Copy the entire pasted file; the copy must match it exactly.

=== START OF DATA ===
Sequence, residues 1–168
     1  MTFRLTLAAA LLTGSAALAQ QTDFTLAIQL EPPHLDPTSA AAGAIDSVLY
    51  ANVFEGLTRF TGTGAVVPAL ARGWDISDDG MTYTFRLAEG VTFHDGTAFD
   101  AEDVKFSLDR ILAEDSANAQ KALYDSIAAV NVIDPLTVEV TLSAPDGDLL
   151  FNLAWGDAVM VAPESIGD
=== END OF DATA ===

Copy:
Sequence, residues 1–168
     1  MTFRLTLAAA LLTGSAALAQ QTDFTLAIQL EPPHLDPTSA AAGAIDSVLY
    51  ANVFEGLTRF TGTGAVVPAL ARGWDISDDG MTYTFRLAEG VTFHDGTAFD
   101  AEDVKFSLDR ILAEDSANAQ KALYDSIAAV NVIDPLTVEV TLSAPDGDLL
   151  FNLAWGDAVM VAPESIGD